The simplest ideas are borrowing bikes from a bike shop, perhaps as an event to encourage people to try out different types of bikes on offer. At the other extreme is an on-street public bike hire scheme, which would need major partners and millions of pounds of investment.
Most of the options will involve working with local businesses to encourage them to use cycles, such as for deliveries, or offer them to employers or customers. It may even involve setting new ones up to offer services that don’t currently exist in your area. Wheels to Work schemes help provide transport for young people who have transport difficulties to access work or training. In rural areas they have often been based around mopeds and scooters but e-bikes are increasingly becoming a viable option.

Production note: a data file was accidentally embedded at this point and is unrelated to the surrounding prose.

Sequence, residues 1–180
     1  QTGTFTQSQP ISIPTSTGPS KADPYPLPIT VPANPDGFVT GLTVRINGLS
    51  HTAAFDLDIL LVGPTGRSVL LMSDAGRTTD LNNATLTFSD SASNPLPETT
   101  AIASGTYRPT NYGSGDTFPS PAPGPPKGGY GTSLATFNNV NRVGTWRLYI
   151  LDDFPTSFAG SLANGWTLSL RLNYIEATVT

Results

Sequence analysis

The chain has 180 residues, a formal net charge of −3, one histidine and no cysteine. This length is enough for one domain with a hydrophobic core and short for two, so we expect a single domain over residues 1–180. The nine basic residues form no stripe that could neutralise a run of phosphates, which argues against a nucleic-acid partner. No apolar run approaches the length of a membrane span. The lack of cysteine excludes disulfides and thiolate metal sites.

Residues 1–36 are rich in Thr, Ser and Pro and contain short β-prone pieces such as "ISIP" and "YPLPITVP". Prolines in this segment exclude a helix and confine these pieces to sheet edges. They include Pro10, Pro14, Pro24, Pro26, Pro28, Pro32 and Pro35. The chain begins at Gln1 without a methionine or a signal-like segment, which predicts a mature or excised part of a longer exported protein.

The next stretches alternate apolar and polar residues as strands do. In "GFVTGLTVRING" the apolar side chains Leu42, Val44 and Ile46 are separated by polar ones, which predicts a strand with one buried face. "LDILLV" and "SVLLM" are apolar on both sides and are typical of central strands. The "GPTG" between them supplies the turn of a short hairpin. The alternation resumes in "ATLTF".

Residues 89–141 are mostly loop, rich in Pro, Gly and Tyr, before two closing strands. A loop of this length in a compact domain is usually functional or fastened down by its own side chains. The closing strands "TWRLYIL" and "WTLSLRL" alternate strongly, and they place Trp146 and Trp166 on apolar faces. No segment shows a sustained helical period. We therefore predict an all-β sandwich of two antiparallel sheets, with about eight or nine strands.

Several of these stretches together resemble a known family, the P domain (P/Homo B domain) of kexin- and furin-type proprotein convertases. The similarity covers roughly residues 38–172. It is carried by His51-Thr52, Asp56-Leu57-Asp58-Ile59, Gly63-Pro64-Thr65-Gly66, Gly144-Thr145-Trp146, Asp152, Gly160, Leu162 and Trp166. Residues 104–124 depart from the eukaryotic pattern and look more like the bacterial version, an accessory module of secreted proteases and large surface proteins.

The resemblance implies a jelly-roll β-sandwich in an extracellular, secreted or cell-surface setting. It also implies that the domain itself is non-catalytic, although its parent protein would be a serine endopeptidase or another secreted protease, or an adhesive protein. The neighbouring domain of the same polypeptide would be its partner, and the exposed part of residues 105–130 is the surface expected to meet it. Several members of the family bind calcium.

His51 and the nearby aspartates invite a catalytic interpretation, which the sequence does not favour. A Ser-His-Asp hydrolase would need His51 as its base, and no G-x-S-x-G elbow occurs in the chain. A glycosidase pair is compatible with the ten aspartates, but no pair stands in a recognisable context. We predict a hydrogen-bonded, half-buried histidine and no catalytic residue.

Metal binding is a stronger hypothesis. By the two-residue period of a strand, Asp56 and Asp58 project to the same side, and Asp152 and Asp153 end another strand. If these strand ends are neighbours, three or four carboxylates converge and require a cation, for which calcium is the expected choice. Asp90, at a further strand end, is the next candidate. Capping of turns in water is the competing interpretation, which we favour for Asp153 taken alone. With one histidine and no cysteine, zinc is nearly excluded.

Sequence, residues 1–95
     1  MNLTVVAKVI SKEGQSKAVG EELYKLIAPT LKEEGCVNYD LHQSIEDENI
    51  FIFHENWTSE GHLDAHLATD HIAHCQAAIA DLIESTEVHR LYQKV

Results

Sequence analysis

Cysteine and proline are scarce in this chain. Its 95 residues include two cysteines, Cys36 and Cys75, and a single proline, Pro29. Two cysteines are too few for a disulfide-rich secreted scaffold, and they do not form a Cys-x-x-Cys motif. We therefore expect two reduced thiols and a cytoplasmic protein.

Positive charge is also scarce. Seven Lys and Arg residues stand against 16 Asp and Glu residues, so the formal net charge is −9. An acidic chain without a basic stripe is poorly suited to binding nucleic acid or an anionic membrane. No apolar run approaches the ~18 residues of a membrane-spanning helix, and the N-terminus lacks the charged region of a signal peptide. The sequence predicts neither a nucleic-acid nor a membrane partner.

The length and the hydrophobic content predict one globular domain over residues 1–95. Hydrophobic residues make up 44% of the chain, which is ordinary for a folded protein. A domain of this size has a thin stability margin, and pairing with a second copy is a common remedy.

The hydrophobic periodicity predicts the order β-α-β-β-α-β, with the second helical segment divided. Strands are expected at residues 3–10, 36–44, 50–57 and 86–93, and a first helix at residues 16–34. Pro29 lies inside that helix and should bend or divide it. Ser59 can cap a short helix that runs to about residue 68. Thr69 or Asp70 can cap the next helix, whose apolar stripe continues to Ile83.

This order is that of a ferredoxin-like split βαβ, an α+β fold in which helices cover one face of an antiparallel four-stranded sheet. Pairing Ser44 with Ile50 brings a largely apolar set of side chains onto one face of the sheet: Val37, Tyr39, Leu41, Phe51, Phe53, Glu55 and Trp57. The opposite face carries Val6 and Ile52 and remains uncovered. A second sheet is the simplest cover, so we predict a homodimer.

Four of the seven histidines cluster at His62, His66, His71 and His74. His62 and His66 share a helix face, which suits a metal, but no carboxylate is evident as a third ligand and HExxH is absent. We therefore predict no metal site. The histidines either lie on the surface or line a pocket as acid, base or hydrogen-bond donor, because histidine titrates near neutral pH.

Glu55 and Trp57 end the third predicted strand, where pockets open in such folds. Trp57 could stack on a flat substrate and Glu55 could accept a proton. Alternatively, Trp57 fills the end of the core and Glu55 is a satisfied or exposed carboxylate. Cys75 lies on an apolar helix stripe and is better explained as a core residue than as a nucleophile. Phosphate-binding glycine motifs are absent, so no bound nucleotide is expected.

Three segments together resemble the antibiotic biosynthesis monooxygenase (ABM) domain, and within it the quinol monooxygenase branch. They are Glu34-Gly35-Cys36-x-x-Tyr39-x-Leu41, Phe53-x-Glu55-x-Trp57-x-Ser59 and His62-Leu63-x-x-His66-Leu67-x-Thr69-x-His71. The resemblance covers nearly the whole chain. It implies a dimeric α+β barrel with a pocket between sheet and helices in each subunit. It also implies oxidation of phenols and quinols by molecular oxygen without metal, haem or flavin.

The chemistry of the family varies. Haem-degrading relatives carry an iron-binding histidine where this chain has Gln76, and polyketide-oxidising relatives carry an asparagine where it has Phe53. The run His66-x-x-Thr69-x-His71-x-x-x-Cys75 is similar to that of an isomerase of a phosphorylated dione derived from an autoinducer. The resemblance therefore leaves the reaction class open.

Wheels to Work Association - the national association for W2W schemes
Bikes not barriers - part of a Community Interest Company that promotes cycling for all abilities and has a wide range of specially adapted cycles. It publishes a special guide to disabled cycling (pdf).
Cargo cycling - entitled ‘the SUVs of the Bike World’ (hopefully not in all respects) this American site provides a wealth of information about different types of cargo cycle across the world
Cycle freight in London: a scoping study (Transport for London, 2009) - a report considering the options for increasing cycle freight in the capital